Category: General

Questioning the Growth Economy

If you have ever driven through rural Kentucky or Ohio or Pennsylvania, chances are you have run across a horse drawn carriage with a group of people who appear to have emerged from the 1700´s. Many Amish and Mennonite communities still ardently and stubbornly maintain a pre-technological and pre-industrial lifestyle despite being surrounded by consumer capitalist civilization. For many observers, these simple, hardworking farm communities are like a living antique; […]

Read More >
2 Comments

What Defines Appropriate Technology?

Our Current Addiction to Technology If there is one defining aspect of our modern civilization it´s that we are a technological species. Compared to other organisms with whom we share this planet, we Homo sapiens aren´t exactly well adapted to long term survival. We have no coat of fur to keep us warm, we don´t have sharp teeth or claws to hunt with, and we´re extremely vulnerable to the elements […]

Read More >
0 Comment

Backhoes versus a Back and a Hoe: The Question of Machines in Permaculture

We have led several natural building workshops over the years, mostly focusing on building with cob. Usually, a pattern related to people´s energy levels and enthusiasm becomes apparent. The first day, people are excited and anxious to take their shoes off and start getting muddy. They want to cut the “theory” part short in order to get straight to the praxis of building with earth. After a day or two […]

Read More >
4 Comments

“Free” Fertilizer is Saving Rural Farmers

Revitalizing dead soil can be done in just one planting season, thanks to Shivansh farming. Rural farmers can use whatever materials are available to them to restore their livelihoods – lowering their costs and increasing their yields. The majority of the world’s poorest farmers use a nitrogen fertilizer called urea. The chemical was initially produced to serve industrial agriculture, but many small-scale farmers were swayed by the fertilizer’s promise of […]

Read More >
7 Comments

The Shower Tractor

No, not a diesel-powered agricultural behemoth with a bathroom behind the cabin. This is much simpler; a portable shower which can be easily moved to water the garden wherever it’s needed. Our small 1-acre property, which gets around 800mm rain each year, often benefits from a little extra water during dry spells. Some extra water will mean plants will continue growing which would otherwise become dried hay-like lifeless husks. Adding […]

Read More >
1 Comment

The Uses of a Bunyip Water Level

Learning how to make use of the rain falling on your roof is one of the central tenets of permaculture. No matter how well you plan out your landscape design, however, you´ll never be able to catch all of the water that falls on your site for a pond or for a cistern. And even if you build a massive pond or cistern, the best way to hold water on […]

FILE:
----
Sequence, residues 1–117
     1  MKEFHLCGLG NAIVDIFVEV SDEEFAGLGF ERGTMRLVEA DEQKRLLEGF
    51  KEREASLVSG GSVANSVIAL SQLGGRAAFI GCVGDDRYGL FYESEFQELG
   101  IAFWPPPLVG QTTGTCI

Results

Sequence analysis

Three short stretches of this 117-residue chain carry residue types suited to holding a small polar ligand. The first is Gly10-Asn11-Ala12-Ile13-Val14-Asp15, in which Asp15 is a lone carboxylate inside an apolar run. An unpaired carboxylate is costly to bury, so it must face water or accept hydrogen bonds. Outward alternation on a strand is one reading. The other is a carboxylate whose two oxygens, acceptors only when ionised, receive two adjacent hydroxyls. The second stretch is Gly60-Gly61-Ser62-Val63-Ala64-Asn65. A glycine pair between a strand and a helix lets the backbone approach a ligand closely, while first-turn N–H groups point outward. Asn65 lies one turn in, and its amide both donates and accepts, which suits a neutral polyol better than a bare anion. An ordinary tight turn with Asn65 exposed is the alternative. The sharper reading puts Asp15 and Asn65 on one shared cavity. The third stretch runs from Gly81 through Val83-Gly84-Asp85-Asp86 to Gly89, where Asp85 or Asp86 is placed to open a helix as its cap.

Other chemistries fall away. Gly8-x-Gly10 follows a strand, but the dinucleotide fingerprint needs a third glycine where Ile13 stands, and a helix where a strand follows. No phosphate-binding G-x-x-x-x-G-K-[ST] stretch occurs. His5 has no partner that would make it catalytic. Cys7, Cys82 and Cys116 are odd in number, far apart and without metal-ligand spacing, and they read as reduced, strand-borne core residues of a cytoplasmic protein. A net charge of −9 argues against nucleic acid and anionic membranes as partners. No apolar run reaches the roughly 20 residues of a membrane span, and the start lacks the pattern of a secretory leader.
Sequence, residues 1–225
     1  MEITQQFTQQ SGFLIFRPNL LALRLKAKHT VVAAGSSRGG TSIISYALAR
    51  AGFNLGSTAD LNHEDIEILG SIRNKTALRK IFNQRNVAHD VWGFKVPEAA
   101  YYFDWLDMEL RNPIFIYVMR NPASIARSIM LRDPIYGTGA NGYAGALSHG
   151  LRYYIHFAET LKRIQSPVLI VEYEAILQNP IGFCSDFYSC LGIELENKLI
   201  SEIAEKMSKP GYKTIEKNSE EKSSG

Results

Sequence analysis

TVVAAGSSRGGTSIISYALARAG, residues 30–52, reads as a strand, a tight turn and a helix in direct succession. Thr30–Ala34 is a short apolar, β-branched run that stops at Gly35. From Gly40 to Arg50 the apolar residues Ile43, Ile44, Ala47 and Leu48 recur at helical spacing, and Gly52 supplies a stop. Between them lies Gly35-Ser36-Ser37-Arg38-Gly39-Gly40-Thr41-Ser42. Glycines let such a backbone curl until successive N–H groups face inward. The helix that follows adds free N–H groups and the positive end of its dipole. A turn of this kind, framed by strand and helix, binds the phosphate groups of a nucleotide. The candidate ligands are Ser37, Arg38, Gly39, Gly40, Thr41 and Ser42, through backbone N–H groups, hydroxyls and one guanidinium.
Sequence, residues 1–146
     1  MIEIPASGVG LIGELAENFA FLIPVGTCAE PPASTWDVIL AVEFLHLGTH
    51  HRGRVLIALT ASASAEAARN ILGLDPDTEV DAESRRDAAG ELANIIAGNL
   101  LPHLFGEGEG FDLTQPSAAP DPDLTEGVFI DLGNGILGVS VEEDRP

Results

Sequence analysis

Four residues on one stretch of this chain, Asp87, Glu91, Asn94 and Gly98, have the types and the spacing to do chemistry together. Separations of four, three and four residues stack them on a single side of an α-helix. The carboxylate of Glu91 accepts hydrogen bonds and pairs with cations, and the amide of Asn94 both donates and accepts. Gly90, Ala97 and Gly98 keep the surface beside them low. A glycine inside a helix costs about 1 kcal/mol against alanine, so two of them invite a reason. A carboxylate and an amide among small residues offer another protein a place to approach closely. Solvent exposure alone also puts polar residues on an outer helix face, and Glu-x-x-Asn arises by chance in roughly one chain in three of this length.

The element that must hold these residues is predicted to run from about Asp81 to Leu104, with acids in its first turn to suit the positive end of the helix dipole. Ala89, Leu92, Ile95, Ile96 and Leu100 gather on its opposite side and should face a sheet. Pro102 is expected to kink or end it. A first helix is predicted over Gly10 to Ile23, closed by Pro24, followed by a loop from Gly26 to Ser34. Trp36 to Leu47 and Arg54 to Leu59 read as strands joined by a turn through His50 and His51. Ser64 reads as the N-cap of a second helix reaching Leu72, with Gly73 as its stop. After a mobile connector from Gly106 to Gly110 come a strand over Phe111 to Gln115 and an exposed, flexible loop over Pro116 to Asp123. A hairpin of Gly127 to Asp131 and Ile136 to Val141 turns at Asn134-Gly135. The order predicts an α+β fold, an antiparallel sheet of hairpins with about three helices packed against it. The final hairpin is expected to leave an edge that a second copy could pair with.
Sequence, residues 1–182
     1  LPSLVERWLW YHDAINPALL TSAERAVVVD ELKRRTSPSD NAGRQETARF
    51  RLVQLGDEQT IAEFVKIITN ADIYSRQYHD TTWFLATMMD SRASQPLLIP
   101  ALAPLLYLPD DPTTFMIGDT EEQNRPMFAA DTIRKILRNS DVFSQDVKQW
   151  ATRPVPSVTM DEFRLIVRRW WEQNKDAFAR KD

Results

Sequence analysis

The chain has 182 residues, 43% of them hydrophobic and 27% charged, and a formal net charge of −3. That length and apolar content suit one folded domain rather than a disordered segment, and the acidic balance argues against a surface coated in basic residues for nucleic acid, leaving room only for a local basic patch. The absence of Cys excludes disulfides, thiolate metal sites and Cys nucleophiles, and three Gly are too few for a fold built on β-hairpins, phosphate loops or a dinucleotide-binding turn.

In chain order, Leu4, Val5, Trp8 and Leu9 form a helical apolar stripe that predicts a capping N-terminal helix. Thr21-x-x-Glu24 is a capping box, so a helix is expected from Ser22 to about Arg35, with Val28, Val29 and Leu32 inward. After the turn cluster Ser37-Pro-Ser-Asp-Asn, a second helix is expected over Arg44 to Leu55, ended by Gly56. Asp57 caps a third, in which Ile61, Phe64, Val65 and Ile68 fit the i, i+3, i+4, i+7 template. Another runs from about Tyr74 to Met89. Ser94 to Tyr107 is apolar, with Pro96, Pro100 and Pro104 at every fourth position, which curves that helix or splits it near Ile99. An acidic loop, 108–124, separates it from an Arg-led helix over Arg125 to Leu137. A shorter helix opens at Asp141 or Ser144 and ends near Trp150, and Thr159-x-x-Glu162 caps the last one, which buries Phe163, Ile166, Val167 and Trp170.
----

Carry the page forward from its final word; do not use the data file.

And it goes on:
Read More >
9 Comments

Rubble Trenches and Lime Mortars to Avoid Cement for Construction Purposes

The most important part of any home is its foundation. While roofs can be replaced and walls can be knocked over and raised once again, a bad foundation is often impossible to fix. In the modern day construction industry, almost every house sits on a cement slab foundation that is buried beneath the frost line underneath the walls of your home. While cement certainly has high compression strength, there are […]

Read More >
2 Comments

Tasty Turnips

Turnips (Brassica rapa var. rapa L.) are a member of the Brassicaceae family of plants (aka mustard plants) which includes some veggies we are pretty familiar with such as cabbage, kale, cauliflower, and arugula. Like many of the vegetables from this family, turnips are great because they have a unique taste all their own. Plus, with turnips, you can eat both the root and the green! They didn’t fall off […]

Read More >
2 Comments

Rooted Cosmpolitanism: Bringing Together the Best of Urban and Rural Life

One of the biggest critiques of rural areas is that they are close-minded, parochial, unsophisticated, and insular. The wealthy, educated, progressives from the big cities are quick to remind us that it was mostly people in rural areas who elected Trump, who convene marches to “save” statues of racist leaders from our past, and who proudly hang the Confederate Flag where everyone can see. Cities, as the argument goes, are […]

Read More >
2 Comments

Go Green Beans!

Green, string, snap, pole, or bush, whatever you call these beans, these edible little pods are great to grow in the garden. Green beans (Phaseolus vulgaris), as we think of them, typically grow in two forms. These two main growing forms are what we call bush and pole bean growing styles. Bush beans usually grow more compactly and won’t necessitate support. Pole beans are more viney and will need stakes […]

Read More >
2 Comments

Cooperation versus Competition: An Evolutionary Perspective

Charles Darwin is credited for forming the idea of evolution. During his explorations around the world and his intimate observation of how animal and plant life evolved over time, he came to believe that everything followed one basic maxim: “the survival of the fittest.” This theory states that organisms will inherently struggle against one another in competition for limited resources that make life possible. Following from this logic, only the […]

Read More >
2 Comments

Salak Palm: A Guide for Tropical Permaculture

Salak palm or snake fruit (Salacca edulis or Salacca zalacca) is a high-value understory species for tropical agroforestry plantings. Salak palm is native to southeast Asia, where it is commercially cultivated in Indonesia, Malaysia, and Java, in their wet tropical lowland climates. At higher elevations, the “Bali” variety can be grown. It produces a delicious fruit, eaten out of hand, with a taste similar to strawberry with an apple-like texture. […]

Read More >
0 Comment